from the don't-feed-the-trolls dept
We’ve noted for a while that Trump’s alternative social media platform, Truth Social, isn’t doing particularly well. Being a Trump product, the platform (surprise!) began with a lot of money slushing around that wasn’t spent in any coherent way. It’s also just generally glitchy and terrible. And it’s not helped much by the fact that after all of his whining about social media “censorship” (read: minimal accountability for saying stupid and sometimes dangerous things), Trump doesn’t even use the product.
Then there’s been the slow realization by the company that it still has to deal with the headaches of reality and content moderation at scale, which we’ve also noted isn’t going particularly well. If you want a platform that isn’t just a pit of bile and illegal content, you have to have moderation standards, which is why Parler, Gab, and now Truth Social (which muzzled some racist drivel by right wing dirty ops shitlord Roger Stone last week) have barred obnoxious people from doing dumb and sometimes illegal things.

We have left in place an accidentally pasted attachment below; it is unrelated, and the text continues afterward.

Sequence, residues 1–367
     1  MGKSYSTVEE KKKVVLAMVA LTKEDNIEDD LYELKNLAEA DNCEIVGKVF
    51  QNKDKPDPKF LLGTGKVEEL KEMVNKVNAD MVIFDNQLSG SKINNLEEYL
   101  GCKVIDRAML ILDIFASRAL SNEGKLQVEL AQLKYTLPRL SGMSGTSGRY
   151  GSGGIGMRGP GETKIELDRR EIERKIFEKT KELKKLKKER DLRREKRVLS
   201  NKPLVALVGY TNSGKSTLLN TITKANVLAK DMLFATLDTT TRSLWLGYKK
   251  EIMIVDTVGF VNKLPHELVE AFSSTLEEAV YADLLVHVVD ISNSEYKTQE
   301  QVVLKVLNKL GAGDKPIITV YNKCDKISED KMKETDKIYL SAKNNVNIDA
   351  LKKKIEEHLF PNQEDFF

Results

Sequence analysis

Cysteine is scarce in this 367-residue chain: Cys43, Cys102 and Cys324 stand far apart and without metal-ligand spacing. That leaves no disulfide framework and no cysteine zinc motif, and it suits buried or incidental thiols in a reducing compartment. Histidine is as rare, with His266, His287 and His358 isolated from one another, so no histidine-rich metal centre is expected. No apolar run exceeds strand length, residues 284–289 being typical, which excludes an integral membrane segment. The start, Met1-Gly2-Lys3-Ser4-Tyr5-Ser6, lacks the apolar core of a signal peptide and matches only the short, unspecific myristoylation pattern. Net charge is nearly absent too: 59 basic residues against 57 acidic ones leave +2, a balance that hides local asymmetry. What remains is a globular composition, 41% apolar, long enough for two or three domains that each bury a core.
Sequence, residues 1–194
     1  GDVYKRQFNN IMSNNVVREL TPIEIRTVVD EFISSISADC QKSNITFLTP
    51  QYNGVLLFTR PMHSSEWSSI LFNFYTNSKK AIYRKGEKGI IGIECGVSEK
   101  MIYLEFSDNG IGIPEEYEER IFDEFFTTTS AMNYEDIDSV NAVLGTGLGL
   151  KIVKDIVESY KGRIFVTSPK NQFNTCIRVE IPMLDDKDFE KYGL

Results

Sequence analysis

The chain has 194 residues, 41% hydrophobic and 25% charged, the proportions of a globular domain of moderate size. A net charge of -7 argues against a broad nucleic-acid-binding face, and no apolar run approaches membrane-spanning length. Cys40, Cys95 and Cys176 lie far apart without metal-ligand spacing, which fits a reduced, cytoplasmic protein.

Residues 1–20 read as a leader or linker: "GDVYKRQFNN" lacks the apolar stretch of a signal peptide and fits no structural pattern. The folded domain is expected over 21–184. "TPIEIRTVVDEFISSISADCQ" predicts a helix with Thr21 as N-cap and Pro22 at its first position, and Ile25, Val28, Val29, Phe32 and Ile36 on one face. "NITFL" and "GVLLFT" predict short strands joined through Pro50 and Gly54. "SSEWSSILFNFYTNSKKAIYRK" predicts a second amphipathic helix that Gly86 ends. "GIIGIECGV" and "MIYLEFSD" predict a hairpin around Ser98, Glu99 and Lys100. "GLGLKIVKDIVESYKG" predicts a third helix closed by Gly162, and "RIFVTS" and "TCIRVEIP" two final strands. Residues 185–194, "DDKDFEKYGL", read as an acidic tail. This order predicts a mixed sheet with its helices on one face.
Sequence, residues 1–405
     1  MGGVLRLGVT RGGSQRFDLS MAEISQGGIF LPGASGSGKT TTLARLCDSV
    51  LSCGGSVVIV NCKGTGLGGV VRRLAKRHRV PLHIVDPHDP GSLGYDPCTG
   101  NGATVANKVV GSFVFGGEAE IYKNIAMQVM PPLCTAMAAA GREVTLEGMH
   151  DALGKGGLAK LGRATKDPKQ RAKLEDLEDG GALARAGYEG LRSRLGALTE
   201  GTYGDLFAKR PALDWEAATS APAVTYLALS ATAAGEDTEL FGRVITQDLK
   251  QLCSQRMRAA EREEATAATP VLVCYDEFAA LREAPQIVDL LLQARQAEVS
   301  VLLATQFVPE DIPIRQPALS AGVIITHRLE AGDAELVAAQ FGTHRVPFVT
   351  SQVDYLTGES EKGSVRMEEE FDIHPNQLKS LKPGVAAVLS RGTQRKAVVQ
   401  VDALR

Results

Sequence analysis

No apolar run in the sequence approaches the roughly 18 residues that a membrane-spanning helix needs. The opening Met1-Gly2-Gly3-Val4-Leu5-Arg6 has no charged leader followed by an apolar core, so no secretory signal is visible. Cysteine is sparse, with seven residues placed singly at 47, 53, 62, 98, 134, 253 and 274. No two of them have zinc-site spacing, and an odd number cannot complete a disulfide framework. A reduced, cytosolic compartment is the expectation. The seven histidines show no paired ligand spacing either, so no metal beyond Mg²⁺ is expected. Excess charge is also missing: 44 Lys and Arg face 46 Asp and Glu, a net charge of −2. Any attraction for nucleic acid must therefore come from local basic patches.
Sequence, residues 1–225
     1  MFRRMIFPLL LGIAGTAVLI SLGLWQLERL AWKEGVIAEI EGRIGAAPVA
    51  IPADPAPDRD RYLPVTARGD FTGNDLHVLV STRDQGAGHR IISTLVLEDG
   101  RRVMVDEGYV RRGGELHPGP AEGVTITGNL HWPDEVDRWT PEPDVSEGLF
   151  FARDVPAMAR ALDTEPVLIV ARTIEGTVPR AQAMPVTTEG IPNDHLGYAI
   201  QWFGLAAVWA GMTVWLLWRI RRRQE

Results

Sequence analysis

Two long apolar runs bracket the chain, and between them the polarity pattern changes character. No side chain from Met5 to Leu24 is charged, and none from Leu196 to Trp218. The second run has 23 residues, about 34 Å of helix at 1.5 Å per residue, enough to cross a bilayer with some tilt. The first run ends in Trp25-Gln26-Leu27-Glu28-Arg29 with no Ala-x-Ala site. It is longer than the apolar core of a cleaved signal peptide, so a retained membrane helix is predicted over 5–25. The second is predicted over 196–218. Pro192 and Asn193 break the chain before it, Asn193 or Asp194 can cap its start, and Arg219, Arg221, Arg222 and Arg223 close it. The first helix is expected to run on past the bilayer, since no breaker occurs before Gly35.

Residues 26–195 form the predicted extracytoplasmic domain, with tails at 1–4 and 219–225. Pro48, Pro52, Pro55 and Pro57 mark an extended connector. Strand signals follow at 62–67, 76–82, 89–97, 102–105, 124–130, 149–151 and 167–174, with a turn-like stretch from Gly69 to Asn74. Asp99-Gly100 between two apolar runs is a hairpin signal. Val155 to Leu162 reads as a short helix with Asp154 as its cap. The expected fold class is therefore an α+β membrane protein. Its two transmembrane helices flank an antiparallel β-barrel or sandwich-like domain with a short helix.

Truth failed to gain traction even with the National Republican Senatorial Committee spamming its support for the platform like a feverish street corner huckster:
Putting the corruption, grift, and technical incompetence aside (and there’s a lot to put aside), when the political mainstream press discusses the struggles of Social and other GOP social media platforms, one of the top arguments explaining why they fail is because echo chambers are just no fun: